- another idea we can bring into this discussion is – you never know when you might be called into account…we had some very sad news from a sister church in Crawfordsville this week…

- many of you remember Terry Thompson, who has spoken here in our services and is a tremendous pastor – in fact, we just had Terry come and speak to our seminary students about preaching a couple of months ago…

- God has blessed their church numerically and they have just completed a new church building and last Sunday was scheduled to be their dedication Sunday…

- they also have a pastoral staff member named Kurt Glancy who oversees their counseling ministry…

- Kurt has been to our biblical counseling training program here on Mondays – he’s been to many of our Biblical Counseling Training Conferences in February – in fact I went out to dinner with Kurt and several others from their staff at one of our recent conferences…

- Kurt was 41 years old, young wife and 2 small children – the Monday before they were to dedicate their new building, Kurt was playing in a community basketball league and collapsed and died of a heart attack…

- the first funeral they held in their new building was for one of their pastors….a man who has been on this campus many times…

- and for anyone who is thinking – I know Jesus is not first in my life or in my family right now, but as soon as I get that degree, or as soon as I get that promotion, or as soon as we get that bigger house or better car…then we’ll get our spiritual house in order…

- the lesson from Kurt’s story is – there may not be a “then”…and some Christian families are wasting an incredible amount of time arguing and bickering as if they’ll always have another day to turn it around…

D. A word to singles.

- I hope you’ll make it your goal to be sure that Christ is first place in your life and your relationships…

- and instead of being argumentative, God would want you to do everything you can to be a peacemaker, a unifier whenever possible…

- and if you ever are in a dating relationship – the essential characteristic that should be on the top of your list of qualifications is – is Jesus Christ the name for which this person is living…

E. A word to the church.

- obviously these verses are written in the context of relationships inside the church…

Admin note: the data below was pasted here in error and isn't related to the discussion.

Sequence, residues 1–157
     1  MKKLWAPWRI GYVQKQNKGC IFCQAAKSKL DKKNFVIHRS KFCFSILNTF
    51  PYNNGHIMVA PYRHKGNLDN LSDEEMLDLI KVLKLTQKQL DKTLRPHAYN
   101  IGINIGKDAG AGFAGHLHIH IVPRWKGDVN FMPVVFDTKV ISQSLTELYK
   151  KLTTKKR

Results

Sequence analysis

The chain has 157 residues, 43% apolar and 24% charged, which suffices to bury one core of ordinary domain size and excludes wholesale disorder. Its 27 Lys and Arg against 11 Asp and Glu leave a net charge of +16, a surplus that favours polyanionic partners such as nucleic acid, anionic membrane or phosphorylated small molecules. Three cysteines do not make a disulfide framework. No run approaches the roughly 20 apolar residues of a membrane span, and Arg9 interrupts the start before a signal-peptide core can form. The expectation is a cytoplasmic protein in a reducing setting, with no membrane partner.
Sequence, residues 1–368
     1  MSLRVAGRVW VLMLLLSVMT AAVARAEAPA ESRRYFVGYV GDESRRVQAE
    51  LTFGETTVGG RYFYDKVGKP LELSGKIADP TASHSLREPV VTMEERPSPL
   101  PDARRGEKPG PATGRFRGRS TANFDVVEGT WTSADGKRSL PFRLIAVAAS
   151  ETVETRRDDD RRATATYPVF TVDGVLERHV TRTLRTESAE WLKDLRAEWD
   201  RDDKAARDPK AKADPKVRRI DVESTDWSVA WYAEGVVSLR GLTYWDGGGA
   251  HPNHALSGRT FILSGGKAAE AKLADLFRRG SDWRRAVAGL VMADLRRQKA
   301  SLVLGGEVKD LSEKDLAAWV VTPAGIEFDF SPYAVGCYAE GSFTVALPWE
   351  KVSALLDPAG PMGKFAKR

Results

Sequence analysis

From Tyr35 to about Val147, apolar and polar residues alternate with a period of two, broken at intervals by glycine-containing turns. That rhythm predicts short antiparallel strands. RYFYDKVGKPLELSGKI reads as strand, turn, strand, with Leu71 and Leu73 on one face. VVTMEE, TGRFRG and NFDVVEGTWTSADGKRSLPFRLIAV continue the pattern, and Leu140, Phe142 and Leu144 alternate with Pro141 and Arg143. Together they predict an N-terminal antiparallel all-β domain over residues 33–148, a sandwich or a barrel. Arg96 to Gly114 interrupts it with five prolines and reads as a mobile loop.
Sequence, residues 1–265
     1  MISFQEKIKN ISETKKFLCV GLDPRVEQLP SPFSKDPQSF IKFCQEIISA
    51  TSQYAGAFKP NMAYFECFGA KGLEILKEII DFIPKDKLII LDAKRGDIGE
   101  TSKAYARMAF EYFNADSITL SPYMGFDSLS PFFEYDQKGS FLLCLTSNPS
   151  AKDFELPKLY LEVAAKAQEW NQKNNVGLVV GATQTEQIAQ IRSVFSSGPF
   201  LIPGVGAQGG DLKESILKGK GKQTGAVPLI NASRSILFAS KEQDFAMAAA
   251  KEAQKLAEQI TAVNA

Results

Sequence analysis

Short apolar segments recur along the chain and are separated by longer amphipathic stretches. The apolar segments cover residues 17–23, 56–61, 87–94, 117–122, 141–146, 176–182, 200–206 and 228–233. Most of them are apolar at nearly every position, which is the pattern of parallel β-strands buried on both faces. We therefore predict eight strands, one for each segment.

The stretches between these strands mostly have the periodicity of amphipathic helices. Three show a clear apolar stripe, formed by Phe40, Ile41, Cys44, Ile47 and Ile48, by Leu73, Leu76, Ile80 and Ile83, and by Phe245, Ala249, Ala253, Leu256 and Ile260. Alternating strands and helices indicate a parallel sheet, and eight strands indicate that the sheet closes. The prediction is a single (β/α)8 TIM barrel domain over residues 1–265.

- and I just want to say – I am so glad for the many people around here who get this…

- God has blessed us with a tremendous sense of unity here…I hope we never take that for granted…

- [could talk about – how powerful a model that will be to many of our conference guests---no longer here on Sundays, but they’ll pick it up throughout the week)

 

- here’s another characteristic of the family developing peace and unity the way it’s supposed to be…

II. They Find Power in the Cross of Christ.

1 Corinthians 1:18 - For the word of the cross is foolishness to those who are perishing, but to us who are being saved it is the power of God.

- I think we would add an addendum to that…”if we let it be”…

- the cross can be the power of God in our families if we let it be…

A. Instead of petty power grabs in the family.

- if you ask yourself, what is the source of disunity in many families…

- here’s the answer – there’s this ongoing power struggle…oftentimes between multiple family members…

- and it comes out in all sorts of ways…

- obviously the most insidious would be physical abuse…when the power in the family is one person’s abusive words, or actions…

- there are few things worse than a person using their might or their power to physically intimidate another member of the family…

- the Christian home should be the safest place on earth…

- and if you say – but what if it’s not….what if my husband is physically abusive to me?...and the assumption that you have confronted him about that and he has not genuinely repented, and I’m sure you have…then you need to come and tell someone at the church right now…

- and if you say – but isn’t there supposed to be a second step of church discipline?...the first two deacons who box your husband’s ears will be considered the second step of church discipline…

- and I’m obviously exaggerating for purposes of effect…but submission does not mean that a person has to quietly tolerate abusive treatment…and this church has a very clear track record of dealing with spousal abuse rapidly…

- and that’s true for a hundred reasons, including the fact that the power of the cross is obscured when a person abuses their own power in the home…

 

- now, these power grabs take on a lot of other forms…

- some people vie for power by moodiness, or doing just enough to get by, or bargaining for sex, or out of control spending…

- “you’re not going to tell me what to do”…is the mantra of the person who is living for their own power instead of the power of the cross…

- this can even be true of children who absolutely refuse to obey their parents…

- and this text is pretty clear about what God promises to do to people who will not let the cross be their source of strength and power…